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Buffalo is still digging out from that walloping snowfall and for Western New Yorkers who were trying to get home in time for Thanksgiving, shuffling off to Buffalo - forgive me - has never been so difficult. North County Public Radio's David Sommerstein reports.
DAVID SOMMERSTEIN, BYLINE: Paige Gannon is a freshman at St. Lawrence University in Canton, New York. It's about four-and-a-half hours and not one, but two lake-effect snow areas from her home in the Buffalo suburb of Hamburg. It's Thanksgiving break already so Gannon's at the bookstore buying a Lilly Pulitzer day planner as a gift for her sister.
PAIGE GANNON: She's preppy and wants that stuff so...
SOMMERSTEIN: It turns out Gannon's not going home because her house is buried up to the top of the doorway in snow. Her parents called and said take the train to your aunt and uncle's in Connecticut. We'll meet you there for Thanksgiving.
GANNON: They were definitely concerned that I was coming back home and then going to get stuck on the highway. I'm sad about it, but I mean, I'll see them soon and hopefully the snow will clear up.
SOMMERSTEIN: Hundreds of drivers did get stuck on the highways as three straight days of snow pummeled Buffalo. The New York State Thruway was closed from Rochester to the Pennsylvania line, leaving people no easy way to get into Buffalo.
Brothers Phil and Joe Duggan are scraping off their 2002 Chevy Malibu, a mere four inches of snow here in Northeastern New York.
PHIL DUGGAN: We don't think the drive will be that bad. My car's kind of a piece of junk, but (laughter).
SOMMERSTEIN: Duggan says they'll take side roads if they have to get home to their grandparents for Thanksgiving.
JOE DUGGAN: Phil and his brother Joe are probably two of the smartest young men you'll ever meet. If it's not wise to do it, they won't do it.
SOMMERSTEIN: Grandfather Jim Duggan has eight feet of snow piled up outside his home in Hamburg. He says his sons and grandkids, who live down the block, are plowing the driveway and bringing food from the store.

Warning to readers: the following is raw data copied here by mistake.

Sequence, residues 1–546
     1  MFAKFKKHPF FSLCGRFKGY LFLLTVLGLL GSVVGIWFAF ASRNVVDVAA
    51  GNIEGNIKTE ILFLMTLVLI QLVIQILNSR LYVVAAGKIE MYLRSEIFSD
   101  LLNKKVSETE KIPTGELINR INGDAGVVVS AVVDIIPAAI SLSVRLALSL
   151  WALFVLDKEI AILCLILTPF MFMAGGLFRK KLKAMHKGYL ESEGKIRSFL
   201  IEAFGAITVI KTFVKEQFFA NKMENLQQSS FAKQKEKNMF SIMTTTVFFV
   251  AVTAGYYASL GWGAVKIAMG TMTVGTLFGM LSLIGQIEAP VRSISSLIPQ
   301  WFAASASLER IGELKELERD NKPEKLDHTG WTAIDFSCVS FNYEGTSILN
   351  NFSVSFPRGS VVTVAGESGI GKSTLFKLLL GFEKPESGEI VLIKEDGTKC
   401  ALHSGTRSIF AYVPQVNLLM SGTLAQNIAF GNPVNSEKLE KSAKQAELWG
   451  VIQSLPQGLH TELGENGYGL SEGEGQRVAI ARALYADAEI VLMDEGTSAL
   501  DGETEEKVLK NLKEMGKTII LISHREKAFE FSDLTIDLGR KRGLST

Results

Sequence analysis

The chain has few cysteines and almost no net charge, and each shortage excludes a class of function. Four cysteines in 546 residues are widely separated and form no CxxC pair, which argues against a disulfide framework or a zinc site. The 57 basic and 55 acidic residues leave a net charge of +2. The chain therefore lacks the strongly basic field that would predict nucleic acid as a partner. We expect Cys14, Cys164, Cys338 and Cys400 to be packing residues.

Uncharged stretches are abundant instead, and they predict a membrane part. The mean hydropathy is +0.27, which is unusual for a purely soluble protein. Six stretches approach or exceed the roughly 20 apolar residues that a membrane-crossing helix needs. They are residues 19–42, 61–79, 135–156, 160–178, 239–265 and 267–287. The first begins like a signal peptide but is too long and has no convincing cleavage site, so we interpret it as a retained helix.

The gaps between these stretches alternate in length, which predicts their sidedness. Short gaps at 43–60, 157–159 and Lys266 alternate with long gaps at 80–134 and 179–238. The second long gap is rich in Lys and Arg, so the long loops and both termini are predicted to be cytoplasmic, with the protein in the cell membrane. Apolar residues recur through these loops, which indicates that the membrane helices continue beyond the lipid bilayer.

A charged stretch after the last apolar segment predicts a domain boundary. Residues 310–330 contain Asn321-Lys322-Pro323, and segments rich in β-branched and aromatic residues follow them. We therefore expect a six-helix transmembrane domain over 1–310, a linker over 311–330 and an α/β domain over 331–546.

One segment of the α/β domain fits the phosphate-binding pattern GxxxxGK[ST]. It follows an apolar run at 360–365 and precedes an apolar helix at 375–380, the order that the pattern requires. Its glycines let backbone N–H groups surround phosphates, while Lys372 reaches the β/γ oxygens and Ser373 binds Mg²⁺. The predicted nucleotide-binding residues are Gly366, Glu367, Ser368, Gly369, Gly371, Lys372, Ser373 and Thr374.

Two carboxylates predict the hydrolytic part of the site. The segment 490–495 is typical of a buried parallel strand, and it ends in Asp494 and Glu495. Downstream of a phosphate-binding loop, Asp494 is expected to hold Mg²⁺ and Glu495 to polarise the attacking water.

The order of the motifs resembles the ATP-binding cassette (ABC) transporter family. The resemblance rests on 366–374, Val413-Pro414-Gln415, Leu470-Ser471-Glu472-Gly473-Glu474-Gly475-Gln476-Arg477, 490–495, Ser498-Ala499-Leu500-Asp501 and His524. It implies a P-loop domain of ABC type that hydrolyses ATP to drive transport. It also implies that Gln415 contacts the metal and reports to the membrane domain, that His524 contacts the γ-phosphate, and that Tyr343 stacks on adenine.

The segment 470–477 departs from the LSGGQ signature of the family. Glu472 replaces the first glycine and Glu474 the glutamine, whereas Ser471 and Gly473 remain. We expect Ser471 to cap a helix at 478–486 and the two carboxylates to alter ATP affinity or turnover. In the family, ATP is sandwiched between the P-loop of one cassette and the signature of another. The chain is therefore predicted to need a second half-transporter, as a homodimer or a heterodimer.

J. DUGGAN: We're well taken care of, but I pity people who are elderly who have no one close by to look in on them.
SOMMERSTEIN: State troopers helped elderly residents trapped in their homes. New York Governor Andrew Cuomo and other officials are pushing for a federal disaster area declaration and Cuomo urged residents to make good on Buffalo's reputation as the City of Good Neighbors.
(SOUNDBITE OF PRESS CONFERENCE)
GOVERNOR ANDREW CUOMO: This is an opportunity to be a good neighbor. Check on people on your block to make sure they have everything. You'll have people who'll have been homebound for three, four, five days.
SOMMERSTEIN: Cuomo nixed the idea of 80,000 football fans driving to the Buffalo Bills snow-blanketed stadium. Sunday's game against the New York Jets was moved to Monday in Detroit. People trying to get in and out of Buffalo by air are having better luck now. Close to half of the flights at the Buffalo Niagara Airport were canceled earlier this week. St. Lawrence University student Phil Duggan says assuming his drive across snowy upstate New York goes OK, he'll be ready to pitch in at his grandfather's place, shovel in hand.
P. DUGGAN: I told him like, the second we get back and the second the roads are good we're going to get down and help them out and make sure that everything's good.
SOMMERSTEIN: The shoveling won't be easy. Warmer weather will make for heavy wet snow. Dozens of people have already been evacuated because their roofs buckled under the weight.
For NPR News I'm David Sommerstein in Canton, New York.
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